Still best-known for shimmying Elvis Presley onto the dance-floor with his 2002 remix of “A Little Less Conversation,” Dutch producer Tom Holkenborg, aka Junkie XL, has spent the last four years creating soundtracks for video games such as The Sims 3 and DOA: Dead or Alive in addition to working with Hans Zimmer on the scores for Inception and The Dark Knight Rises.
Understandably, then, there’s a certain cinematic quality to the two ambient instrumentals (“Take Off On Molly’s E,” “The Art Of Luxurious Intergalactic Time Travel”) which bookend his sixth studio album, Synthesized. But perhaps a little too busy with his composing duties to notice the rise of the EDM movement, the majority of the follow-up to 2008’s Booming Back at You is that rare beast, a modern club record without a trace of a dubstep wobble or ‘hands in the air’ trance synth hook.
Indeed, having assembled a pretty eclectic line-up of guest vocalists, it’s refreshing to hear that Junkie XL has played to their strengths rather than merely shoehorning them in. “When Is Enough Not Enough” pares Curt Smith’s under-rated melancholic delivery with an authentic 80s synth-pop backdrop that could be mistaken for a long-lost Tears For Fears classic. Chinese Flash Mob’s Isis Salam lends her playful vocals to an equally mischievous blend of robotic techno-funk and warped ska-pop on “Off The Dancefloor.” And the beyond-the-grave tones of LSD advocate Timothy Leary accompany the suitably trippy acid-house throwback “Leave Behind Your Ego.”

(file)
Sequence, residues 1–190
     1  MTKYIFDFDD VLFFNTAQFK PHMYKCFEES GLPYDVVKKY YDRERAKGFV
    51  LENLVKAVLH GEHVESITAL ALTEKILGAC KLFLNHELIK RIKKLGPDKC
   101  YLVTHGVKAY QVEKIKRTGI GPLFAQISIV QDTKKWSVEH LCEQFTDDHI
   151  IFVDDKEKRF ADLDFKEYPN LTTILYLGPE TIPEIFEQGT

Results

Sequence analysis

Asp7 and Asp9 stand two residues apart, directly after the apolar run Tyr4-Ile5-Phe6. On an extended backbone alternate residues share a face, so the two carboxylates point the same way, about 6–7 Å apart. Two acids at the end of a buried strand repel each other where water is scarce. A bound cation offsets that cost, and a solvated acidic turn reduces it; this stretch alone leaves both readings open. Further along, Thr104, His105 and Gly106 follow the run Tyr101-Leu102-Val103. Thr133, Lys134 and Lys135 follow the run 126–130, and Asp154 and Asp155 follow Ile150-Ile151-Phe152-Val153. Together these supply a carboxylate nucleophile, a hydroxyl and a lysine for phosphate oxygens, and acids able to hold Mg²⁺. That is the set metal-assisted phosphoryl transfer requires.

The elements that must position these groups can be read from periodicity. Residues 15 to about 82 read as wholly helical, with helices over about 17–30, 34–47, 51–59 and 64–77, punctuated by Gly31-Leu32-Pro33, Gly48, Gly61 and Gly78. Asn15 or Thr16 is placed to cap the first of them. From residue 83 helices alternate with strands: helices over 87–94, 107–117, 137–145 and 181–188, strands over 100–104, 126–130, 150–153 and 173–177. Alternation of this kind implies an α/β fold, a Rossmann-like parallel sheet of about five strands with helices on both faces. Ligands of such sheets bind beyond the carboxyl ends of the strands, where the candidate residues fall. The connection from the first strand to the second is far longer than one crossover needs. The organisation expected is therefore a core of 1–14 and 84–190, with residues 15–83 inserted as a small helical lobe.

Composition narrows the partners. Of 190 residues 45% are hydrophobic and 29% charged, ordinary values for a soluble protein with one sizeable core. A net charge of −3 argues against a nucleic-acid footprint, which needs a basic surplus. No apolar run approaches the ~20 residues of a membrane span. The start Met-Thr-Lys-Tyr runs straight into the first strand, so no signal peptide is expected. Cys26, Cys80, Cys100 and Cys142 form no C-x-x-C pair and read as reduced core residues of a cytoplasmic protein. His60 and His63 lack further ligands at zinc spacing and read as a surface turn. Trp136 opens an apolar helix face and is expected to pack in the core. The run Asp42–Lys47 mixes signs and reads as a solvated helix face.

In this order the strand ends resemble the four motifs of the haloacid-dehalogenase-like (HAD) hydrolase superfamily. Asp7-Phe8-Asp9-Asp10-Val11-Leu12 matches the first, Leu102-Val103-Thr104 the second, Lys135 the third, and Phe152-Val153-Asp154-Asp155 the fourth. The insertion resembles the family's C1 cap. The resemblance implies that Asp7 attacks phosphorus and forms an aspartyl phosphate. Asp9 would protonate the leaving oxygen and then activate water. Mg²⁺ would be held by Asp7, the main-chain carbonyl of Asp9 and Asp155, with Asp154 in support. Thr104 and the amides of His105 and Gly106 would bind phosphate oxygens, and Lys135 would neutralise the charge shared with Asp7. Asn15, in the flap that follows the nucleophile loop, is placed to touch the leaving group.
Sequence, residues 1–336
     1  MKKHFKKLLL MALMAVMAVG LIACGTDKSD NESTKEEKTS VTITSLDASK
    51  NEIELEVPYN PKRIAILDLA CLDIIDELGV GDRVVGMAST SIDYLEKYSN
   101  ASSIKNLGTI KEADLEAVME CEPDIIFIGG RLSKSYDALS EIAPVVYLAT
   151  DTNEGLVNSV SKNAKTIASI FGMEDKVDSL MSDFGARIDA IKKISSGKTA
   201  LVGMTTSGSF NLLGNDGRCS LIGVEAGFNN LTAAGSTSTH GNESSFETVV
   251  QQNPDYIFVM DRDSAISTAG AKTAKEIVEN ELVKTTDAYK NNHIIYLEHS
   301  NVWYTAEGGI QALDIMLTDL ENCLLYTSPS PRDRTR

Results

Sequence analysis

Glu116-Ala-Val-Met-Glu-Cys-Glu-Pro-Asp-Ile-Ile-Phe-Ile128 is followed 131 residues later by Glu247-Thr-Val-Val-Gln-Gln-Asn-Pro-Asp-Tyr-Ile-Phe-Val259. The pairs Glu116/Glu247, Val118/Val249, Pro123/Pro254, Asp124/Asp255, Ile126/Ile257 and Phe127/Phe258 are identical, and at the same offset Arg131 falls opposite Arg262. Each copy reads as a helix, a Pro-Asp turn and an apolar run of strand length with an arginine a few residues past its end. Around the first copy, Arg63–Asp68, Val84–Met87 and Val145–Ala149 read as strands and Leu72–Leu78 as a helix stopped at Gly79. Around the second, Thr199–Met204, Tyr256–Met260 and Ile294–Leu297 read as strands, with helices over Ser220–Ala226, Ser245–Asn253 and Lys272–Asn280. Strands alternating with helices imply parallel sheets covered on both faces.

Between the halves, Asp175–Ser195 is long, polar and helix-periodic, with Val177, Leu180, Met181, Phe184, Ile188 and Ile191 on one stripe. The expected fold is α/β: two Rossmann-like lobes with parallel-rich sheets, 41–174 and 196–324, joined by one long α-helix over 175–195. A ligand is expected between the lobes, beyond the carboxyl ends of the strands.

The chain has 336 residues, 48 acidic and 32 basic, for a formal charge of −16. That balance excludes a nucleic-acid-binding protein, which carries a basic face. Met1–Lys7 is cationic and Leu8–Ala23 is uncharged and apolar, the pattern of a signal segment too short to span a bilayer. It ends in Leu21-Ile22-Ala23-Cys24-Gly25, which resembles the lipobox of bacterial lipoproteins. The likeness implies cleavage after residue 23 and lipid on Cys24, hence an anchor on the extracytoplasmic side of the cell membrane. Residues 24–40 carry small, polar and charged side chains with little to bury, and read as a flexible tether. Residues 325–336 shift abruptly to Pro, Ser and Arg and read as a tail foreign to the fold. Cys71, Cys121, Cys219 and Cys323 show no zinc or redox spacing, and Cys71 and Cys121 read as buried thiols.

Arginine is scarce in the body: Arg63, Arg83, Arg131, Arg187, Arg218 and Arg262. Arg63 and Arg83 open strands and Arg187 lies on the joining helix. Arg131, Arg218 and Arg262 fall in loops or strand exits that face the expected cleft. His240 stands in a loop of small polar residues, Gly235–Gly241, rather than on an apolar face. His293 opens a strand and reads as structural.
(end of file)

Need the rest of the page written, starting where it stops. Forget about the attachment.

But Synthesized loses its way slightly with a second half which is randomly pre-occupied with classic rock. And whilst Chicago producer Tommie Sunshine and Norwegian electro trio Datarock’s contributions on the gothic Sisters of Mercy-esque “Love Machine” and the ZZ Top homage “Gloria” respectively are enjoyable enough curveballs, the monstrous wall of feedback which closes “Klatshing!” and the abrasive glam-metal of “Kill The Band” prove that guitars aren’t always the answer.
Synthesized won’t stop Junkie XL from being tagged as The King-remixing one-hit wonder, but it’s still a consistently entertaining listen which suggests his alternate career is doing him a world of good.